How to scale Node.js applications?

How to scale Node.js applications?
Photo by Jeremy Thomas / Unsplash

To understand the scaling of Node.js applications, we first need to understand what problem scaling is solving.

You know that Node.js is single-threaded, it has its main thread. So instead of serving every incoming request to the server on a separate thread, it serves every request through the main thread. I will explain this in more detail as it can be a bit confusing.

So if the request blocks the main thread it can affect other incoming requests. Let's say you have a simple route /user-profile and it takes 1 second to complete the request. So if 3 /user-profile requests are made at the same time this will happen:

  • one of the requests will be completed in 1 second,
  • another in 2 seconds (because it needs to wait 1 second)
  • and the third one in 3 seconds (waiting for 2 seconds for the previous 2 requests to complete)

However, Node.js can offload many tasks to the operating system kernel. The operating system kernel is multithreaded. Here are some examples of these tasks:

  1. 1fs.readFile()
  2. dns.lookup()
  3. zlib.gzip()
  4. crypto.pbkdf2()

The first 2 tasks are very input/output intensive, and the last 2 are CPU intensive.

So when the operating system is executing tasks, the Node.js main thread can switch to complete other requests. The operating system enables Node.js to be reasonably fast with its single main thread model.

The problem happens when Node.js has too many tasks that can't be delegated to the operating system kernel. Then those tasks block the main Node.js thread because requests start to queue up.

This can result in an ugly scenario like this:

  • arriving request may have to wait for a busy Node.js server to pick up and handle the request
  • the longer the server is blocked, the longer the waiting time
  • the higher number of requests even longer the waiting time

Since Node.js serves all requests through a single main thread, additional requests can not be served simply by adding more CPUs. A single thread can not run on more than 1 CPU core at a time.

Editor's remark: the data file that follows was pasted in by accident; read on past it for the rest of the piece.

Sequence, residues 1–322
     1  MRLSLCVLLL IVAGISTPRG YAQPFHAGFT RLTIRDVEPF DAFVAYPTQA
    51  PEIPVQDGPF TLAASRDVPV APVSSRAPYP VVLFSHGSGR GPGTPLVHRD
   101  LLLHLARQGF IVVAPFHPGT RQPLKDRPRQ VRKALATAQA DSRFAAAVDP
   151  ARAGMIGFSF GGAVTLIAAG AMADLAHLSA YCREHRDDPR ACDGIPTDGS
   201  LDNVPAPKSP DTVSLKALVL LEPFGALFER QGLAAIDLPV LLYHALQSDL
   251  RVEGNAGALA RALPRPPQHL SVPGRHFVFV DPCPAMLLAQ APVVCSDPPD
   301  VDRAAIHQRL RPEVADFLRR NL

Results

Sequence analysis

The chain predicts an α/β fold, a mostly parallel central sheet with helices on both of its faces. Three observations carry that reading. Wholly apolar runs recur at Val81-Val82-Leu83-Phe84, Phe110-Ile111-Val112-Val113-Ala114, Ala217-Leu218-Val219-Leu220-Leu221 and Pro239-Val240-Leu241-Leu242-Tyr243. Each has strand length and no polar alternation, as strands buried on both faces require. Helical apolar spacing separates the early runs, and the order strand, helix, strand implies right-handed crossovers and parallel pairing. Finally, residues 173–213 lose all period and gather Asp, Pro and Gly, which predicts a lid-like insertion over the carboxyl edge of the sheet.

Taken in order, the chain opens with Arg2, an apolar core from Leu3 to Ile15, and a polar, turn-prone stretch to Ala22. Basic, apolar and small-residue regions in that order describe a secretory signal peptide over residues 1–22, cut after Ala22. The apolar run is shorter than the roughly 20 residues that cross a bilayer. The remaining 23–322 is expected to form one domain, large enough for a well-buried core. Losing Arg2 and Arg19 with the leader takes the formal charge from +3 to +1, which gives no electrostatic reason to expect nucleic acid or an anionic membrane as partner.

Here is how this scenario looks:

Requests are waiting and busy Node.js process trying to complete as many tasks as it can. There we have one CPU that is on fire while others are chillin'.

This is the scalability issue. When adding more hardware doesn't solve performance problems.

Solution 1 - worker threads

We can leverage the worker threads to execute more CPU-intensive JavaScript code and free up the Node.js main thread.

Here is how it looks:

So every request is still handled by the main Node.js thread but intensive JavaScript code is executed within worker threads. Those worker threads report on completion to their boss, the main Node.js thread.

The tricky part with worker threads and using them efficiently is to identify and isolate intensive parts of the code. Which can be hard depending on how complex is your application's business logic. The Node.js worker_threads module must execute those intensive code parts.

Here is how it looks with worker threads:

With CPU-intensive JavaScript code running on workers, the Node.js process can use additional CPU cores. Also, the main thread is freed up to serve more requests.

This way is known as vertical scaling. Vertical scaling means scaling by adding more resources to the server.

Solution 2 - multiple Node.js instances

We can run multiple instances of our Node.js server process to serve the requests. The load balancer can distribute those incoming requests between the Node.js processes:

This approach can be more convenient as it doesn't require steps like identifying CPU-intensive JavaScript code, thread communication, etc. With this approach, we utilize all the available CPU cores.